The memorial for those lost on the SS Kutsang. (If anyone knows the location of this memorial, please could they let me know)


My response to Piers Morgan about why women don’t rule in the UK

Yesterday, on International Women’s Day, Piers Morgan, posted on Twitter a “reminder that in Britain, women rule…
Monarch: female
Prime Minister: female
Home Secretary: female
Scotland 1st Minister: female
Head of London fire service: female
Head of Met Police: female”

But also on Twitter, I reminded Piers Morgan that women are more likely to live in poverty, earn two thirds what men earn, have been disproportionately negatively impacted by welfare reform, at least two women a week in the UK are killed by their current or ex-partner, are subject to sexist hate speak & sexual harassment, 1 in 4 are subjected to domestic violence, etc. etc. etc.

Rough sleeping is fast becoming the shame of Eastbourne

The worsening situation for rough sleepers in Eastbourne has become far more obvious in recent times.

In February, the Eastbourne Herald reported that the number of rough sleepers has quadrupled in the past two years.  It is not due to the proximity to Brighton, as claimed by a spokesperson from Eastbourne Borough Council.  Rather it is due to the absence of emergency accommodation in the town.

In the freezing weather an emergency shelter was opened to preserve life.  While this is to be welcomed, it is the bare minimum.  An affluent town like Eastbourne should make sure that there is no reason for anyone to sleep on the streets.  It is not good for the reputation of the town and it is certainly not good for those sleeping on the streets.



A national spotlight was shone on Eastbourne recently when BBC News ran an item about the fear that homeless people have about sleeping rough.

Government figures show that Eastbourne now has the ninth highest rate of rough sleeping in the country.

Rough sleeping is fast becoming the shame of Eastbourne.

Will GDPR reduce the amount of spam emails I receive?

I am finding that I am getting more sales email than ever.  I unsubscribe to all, sometime between three and five each day.  when asked why, I usually say it is because I never signed up to receive the mailing.

With the arrival of GDPR, can someone assure me that I won’t continue to receive unsolicited sales emails like these. And if I do, what recourse will I have?

At BHT we are doing a lot to prepare ourselves for GDPR, including asking all people who subscribe to our mailings to reaffirm their consent to receive them from us.  We will do what we are expected to do but I fear that others will carry on regardless with no comeback or sanctions.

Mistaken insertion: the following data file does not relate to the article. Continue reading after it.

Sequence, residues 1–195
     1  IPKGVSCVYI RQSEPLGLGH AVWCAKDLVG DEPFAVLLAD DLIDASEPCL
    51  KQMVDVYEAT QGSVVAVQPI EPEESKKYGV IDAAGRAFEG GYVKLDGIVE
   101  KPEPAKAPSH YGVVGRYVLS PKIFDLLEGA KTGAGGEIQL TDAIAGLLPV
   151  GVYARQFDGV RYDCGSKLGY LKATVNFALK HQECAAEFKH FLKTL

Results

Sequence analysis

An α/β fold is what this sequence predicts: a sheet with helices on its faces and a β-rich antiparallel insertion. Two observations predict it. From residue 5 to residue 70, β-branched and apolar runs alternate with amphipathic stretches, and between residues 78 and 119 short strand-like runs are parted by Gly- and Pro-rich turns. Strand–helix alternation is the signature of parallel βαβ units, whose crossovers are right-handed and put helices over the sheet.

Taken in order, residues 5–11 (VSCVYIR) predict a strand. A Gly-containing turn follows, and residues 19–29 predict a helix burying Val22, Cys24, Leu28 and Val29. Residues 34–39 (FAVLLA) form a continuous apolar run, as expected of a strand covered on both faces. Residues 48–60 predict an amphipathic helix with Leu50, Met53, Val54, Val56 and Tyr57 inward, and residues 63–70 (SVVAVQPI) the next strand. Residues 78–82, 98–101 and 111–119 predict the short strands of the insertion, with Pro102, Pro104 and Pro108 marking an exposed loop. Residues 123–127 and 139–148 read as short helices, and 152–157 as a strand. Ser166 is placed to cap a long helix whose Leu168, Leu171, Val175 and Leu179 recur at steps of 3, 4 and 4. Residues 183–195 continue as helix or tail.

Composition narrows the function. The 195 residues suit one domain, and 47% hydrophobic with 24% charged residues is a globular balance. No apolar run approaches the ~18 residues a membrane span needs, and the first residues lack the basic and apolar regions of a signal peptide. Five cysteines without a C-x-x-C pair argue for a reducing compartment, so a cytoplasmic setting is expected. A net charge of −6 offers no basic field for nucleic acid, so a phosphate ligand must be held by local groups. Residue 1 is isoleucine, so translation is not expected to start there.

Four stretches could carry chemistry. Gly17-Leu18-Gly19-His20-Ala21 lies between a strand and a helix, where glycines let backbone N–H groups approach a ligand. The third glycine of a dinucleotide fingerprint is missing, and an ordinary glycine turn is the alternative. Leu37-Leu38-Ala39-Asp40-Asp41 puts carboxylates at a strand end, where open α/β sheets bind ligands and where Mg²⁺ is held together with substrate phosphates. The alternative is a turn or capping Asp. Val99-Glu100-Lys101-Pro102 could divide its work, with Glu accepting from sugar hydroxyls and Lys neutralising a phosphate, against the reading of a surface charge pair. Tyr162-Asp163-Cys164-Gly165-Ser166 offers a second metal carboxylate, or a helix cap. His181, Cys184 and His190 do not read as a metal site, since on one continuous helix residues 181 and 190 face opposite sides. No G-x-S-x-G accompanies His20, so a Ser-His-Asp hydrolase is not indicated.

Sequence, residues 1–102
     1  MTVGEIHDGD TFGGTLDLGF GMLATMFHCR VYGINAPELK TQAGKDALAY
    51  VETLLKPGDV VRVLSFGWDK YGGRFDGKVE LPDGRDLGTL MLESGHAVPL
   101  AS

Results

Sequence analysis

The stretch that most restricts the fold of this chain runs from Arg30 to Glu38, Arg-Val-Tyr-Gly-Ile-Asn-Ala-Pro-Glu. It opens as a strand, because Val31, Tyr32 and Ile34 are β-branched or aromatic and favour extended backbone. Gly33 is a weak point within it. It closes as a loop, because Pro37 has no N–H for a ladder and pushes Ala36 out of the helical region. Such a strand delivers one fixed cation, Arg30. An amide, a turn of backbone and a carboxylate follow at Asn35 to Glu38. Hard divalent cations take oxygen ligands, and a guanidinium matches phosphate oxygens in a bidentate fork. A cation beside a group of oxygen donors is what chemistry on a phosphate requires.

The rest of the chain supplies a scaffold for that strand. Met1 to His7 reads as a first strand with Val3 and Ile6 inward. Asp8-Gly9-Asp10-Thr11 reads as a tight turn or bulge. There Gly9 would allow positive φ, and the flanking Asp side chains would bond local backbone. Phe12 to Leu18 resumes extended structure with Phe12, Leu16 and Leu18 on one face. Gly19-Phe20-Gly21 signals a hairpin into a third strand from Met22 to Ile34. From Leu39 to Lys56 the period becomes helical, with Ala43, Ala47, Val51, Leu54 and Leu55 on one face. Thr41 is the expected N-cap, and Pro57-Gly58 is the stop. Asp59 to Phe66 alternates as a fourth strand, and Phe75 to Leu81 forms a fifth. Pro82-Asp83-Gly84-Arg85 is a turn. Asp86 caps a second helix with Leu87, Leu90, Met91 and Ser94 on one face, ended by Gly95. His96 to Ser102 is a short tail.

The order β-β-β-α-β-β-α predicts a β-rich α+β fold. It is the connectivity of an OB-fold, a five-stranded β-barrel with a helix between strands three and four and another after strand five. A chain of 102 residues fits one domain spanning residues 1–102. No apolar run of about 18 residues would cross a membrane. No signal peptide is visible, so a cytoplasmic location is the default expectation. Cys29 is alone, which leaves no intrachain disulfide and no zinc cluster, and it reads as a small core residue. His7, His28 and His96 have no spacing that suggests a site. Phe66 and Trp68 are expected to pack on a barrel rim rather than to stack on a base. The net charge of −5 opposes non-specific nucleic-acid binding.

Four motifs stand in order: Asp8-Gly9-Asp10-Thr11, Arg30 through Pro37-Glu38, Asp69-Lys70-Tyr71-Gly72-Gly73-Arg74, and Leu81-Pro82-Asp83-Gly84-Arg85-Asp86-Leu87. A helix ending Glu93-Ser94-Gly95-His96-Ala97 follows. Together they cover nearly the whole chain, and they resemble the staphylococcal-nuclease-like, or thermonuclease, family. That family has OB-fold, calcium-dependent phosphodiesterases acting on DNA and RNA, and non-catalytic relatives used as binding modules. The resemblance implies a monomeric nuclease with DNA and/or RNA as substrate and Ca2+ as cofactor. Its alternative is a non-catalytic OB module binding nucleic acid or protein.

Rough sleeping numbers up again. Where should blame lie?

Brighton Argus (26/01/18)

The government has released the latest rough sleeper figures for England. In Brighton and Hove, as we knew, the number of people sleeping on our streets is up from 144 to 178. It means that the city, for the second year running, has the highest level of rough sleeping outside London. Here is the statement I put out to the media, and covered in today’s (26th January 2018) Brighton Argus.

These latest figures do not come as a surprise other than that they are not much worse.

This increase is due to the increasing unaffordability of private rented accommodation, the failure to build new social housing, and welfare reform.

Fortunate in Brighton and Hove we have a council that is aware of the scale of problem that works well with a number of excellent charities that prevent homelessness and help people to move off the streets.

Without these charities the situation would be much, much worse.

But the situation in Brighton and Hove is exacerbated by the inward flow of wealthier people to the city. This has an inflationary impact on house prices as does government policy such as Help to Buy and, according to the Office for Budget Responsibility, so too will the cut in stamp duty for first time buyers.

Some other areas in East Sussex are in denial about the scale of the rough sleeping crisis in spite of the growing evidence that is literally on their doorsteps.

The situation will do nothing but get worse and will only get better when central government intervenes to increase the supply of truly affordable housing for rent and reverses those policies that are resulting in homelessness and rough sleeping.